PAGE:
In an interview about her new book, Out of the Easy, Ruta Sepetys describes finding a different book, one that blew her away. She was out in the rain once and had ducked into a bookstore to keep from getting wet, when she saw the book The Last Madam: Life in the New Orleans Underworld by Christine Wiltz. She bought and read the book in one sitting. "The Last Madam" was Norma Wallace, a powerful madam who ran a brothel in the French Quarter of New Orleans. Sepetys was mesmerized. Years later, she was able to go to Wiltz's house, spend the day with her, and learn all about the New Orleans underworld that was home to Norma Wallace. She said she couldn't have written Out of the Easy without this book or Wiltz. Willie Woodley, the madam who runs the brothel in Sepetys' book is based on Norma Wallace.
Norma Baden, as she was originally named, was born in 1901 most likely. (She never told anyone her real age and constantly took years off when she did talk about it. Even her obituary didn't accurately represent her age.) She was a street girl for a few years, before realizing she had intuitive business skills. She then got a loan from the world bantamweight champion Pete Herman and opened her first brothel. According to records, Norma ran a few different brothel houses in New Orleans, but her most famous one was at 1026 Conti Street, a house she bought in 1938 from famous New Orleans photographer Ernest J. Bellocq.
Norma Wallace took her last name from "a bootlegger she met at the age of 15 and called the love of her life; a man she never married but a man who shot her in the ankle. According to reports, Norma shrugged off the shooting because she got a seven-carat diamond ring out of the affair.
Norma Wallace was a strict madam who didn't allow drugs or pimps in her house and ran a discreet, politically protected prostitution business. Men in politics, movie stars, and affluent businessmen were among her clientele. She ran her business from the 1920s through the 1960s, and even when New Orleans was in its prohibition heyday, Norma (and her prostitutes) did good business.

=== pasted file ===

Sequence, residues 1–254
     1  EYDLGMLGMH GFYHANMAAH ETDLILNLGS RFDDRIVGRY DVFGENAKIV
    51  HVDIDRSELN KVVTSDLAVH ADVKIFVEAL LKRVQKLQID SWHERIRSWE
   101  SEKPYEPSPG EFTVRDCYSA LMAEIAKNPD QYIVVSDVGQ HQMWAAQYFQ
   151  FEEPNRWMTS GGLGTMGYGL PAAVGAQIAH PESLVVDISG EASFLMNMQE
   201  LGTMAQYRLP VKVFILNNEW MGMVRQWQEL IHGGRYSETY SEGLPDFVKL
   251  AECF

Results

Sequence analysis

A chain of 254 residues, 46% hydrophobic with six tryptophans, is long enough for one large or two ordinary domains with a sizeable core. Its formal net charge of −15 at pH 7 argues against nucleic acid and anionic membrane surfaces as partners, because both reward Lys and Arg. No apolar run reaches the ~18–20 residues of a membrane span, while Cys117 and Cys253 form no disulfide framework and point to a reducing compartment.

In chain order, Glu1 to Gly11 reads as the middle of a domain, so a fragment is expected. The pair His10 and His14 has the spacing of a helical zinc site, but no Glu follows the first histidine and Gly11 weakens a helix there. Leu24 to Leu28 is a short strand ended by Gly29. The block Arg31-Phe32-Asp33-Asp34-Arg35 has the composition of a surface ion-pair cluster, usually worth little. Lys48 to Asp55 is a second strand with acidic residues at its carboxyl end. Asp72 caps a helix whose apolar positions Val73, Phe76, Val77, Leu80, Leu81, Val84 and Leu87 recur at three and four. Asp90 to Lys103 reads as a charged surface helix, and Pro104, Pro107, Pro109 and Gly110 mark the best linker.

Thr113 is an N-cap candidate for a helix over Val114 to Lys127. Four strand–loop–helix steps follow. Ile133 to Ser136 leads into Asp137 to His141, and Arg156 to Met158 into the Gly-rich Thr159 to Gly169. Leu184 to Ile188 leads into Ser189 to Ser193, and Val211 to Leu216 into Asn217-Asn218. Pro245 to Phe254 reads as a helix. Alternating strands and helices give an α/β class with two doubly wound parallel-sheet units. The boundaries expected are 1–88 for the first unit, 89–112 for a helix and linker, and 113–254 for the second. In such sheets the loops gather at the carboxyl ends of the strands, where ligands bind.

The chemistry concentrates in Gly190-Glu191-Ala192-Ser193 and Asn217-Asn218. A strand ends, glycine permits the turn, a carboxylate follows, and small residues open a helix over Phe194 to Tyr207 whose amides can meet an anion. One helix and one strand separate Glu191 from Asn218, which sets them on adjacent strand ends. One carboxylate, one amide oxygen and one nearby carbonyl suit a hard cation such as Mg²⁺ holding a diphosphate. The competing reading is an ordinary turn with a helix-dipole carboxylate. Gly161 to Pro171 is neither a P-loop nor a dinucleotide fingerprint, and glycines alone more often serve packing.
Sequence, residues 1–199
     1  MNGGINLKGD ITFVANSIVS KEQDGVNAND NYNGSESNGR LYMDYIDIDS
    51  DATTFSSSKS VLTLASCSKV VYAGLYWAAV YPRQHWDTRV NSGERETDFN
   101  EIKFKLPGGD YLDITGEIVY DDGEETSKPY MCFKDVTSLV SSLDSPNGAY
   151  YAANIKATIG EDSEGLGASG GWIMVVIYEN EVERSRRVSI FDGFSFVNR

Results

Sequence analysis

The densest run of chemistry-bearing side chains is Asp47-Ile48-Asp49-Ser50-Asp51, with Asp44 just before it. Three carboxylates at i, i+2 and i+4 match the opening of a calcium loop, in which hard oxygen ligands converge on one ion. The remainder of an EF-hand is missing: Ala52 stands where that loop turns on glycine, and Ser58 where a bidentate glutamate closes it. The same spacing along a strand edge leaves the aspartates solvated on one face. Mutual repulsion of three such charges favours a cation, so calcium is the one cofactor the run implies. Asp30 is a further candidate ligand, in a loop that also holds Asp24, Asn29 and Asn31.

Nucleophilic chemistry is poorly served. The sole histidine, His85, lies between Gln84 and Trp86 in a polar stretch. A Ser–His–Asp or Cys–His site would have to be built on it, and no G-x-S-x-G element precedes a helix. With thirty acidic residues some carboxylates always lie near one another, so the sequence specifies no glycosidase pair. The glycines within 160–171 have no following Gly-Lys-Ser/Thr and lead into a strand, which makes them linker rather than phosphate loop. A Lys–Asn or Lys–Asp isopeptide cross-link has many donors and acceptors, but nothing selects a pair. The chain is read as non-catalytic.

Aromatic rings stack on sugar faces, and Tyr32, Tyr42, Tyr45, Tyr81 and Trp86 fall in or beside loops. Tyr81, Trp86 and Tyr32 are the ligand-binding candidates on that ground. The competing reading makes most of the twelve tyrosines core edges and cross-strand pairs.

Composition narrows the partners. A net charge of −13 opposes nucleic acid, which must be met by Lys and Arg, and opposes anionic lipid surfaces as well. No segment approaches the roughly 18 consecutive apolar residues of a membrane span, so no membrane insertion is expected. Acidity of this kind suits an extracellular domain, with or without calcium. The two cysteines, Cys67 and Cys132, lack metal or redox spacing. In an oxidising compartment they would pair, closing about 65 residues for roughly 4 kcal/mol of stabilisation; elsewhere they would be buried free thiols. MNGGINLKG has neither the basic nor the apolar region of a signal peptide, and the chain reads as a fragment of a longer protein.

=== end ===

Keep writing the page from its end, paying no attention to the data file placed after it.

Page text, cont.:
It was only after spending three months in jail, that she finally quit the business. The year was 1963 and it was the first time Norma had ever done time. She closed the doors of 1026 Conti and opened a restaurant called Tchoupitoulas Plantation which was a huge success, but which no surprise here bored the always-looking-for-action Norma.
In 1965, she married her fifth husband, Wayne Bernard (over 30 years her junior), and moved to the country. The relationship was rocky and she felt out of place outside of the city. In an interview, Bernard said that Norma would say she was never going to get old. She said she hoped to die when her husband caught her in bed with a sixteen-year-old and shot her!
But it was Norma Wallace, herself, who ultimately pulled the trigger. While in hospital in 1974, she shot herself in the head. Fortunately for posterity, she left behind dictated tape recordings about her life that she intended to turn into a memoir. She never wrote the book, but Christine Wiltz did.
Incidentally, the house at 1026 Conti was abandoned after Hurricane Katrina and was in total disrepair until a contractor bought the building and renovated it to its former splendor.
A website dedicated to Norma Wallace has links to some beautiful photo and video galleries about "The Last Madam" of New Orleans.
Picture of Norma Wallace from Criminal Wisdom
This article was originally published in March 2013, and has been updated for the
March 2014 paperback release.
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